***Rebellion’s win has put the team and drivers within 19 points of the leading Toyota, which will result in a larger success handicap penalty for the ORECA-built prototype heading into next month’s 8 Hours of Bahrain.
“Realistically we do know we’re going to suffer a ton with success handicap so we’re just going to do the best we can and see where we end up,” Gustavo Menezes told Sportscar365.
***JOTA’s LMP2 class win, the first for the team under its own banner since Spa 2015, marked the first win for a Goodyear-shod car in a FIA World Championship since Michael Schumacher and Ferrari in the 1998 Italian Formula 1 Grand Prix.
***Mike McGregor, Goodyear’s manager for race sales, testing and track support, proclaimed it as a “historic” win for the American tire manufacturer in only its third race back in top-level sports car racing. “It’s been a tremendous multinational team effort to bring Goodyear back to international motorsport,” he said.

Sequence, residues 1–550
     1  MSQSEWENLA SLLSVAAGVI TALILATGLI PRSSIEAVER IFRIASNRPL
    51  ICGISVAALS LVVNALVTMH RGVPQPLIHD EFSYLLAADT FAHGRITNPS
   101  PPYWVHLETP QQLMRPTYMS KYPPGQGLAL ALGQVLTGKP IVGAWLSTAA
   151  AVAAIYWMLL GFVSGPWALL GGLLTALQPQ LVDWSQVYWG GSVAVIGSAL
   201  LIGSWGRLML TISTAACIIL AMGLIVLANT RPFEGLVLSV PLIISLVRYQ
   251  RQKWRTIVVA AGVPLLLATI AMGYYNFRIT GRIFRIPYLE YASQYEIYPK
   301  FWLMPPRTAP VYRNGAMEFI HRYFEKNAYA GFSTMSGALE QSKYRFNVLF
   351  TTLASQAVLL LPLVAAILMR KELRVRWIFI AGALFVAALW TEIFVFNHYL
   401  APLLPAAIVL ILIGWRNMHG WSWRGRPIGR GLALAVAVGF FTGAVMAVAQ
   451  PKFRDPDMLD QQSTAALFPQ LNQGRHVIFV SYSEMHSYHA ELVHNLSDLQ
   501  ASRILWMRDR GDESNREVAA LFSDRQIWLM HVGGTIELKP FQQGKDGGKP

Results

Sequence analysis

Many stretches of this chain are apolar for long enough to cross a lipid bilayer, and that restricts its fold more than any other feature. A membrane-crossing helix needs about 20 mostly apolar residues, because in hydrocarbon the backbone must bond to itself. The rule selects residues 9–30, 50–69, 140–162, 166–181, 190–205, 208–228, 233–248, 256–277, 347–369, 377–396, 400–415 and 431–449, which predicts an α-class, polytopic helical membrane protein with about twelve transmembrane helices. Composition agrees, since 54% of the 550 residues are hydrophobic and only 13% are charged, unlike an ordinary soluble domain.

***United Autosports claimed its second consecutive LMP2 class podium despite being forced on an alternate strategy due to an early unscheduled pit stop for debris lodged inside the Gibson-powered Oreca 07’s engine box that resulted in a loss of power for Felipe Albuquerque.
“Debris went in to the air intake on the opening lap and I lost power,” Albuquerque explained. “We took the right decision in deciding to wait rather than for me to immediately pit in terms of strategy and we still ended up putting in a fight for the win.”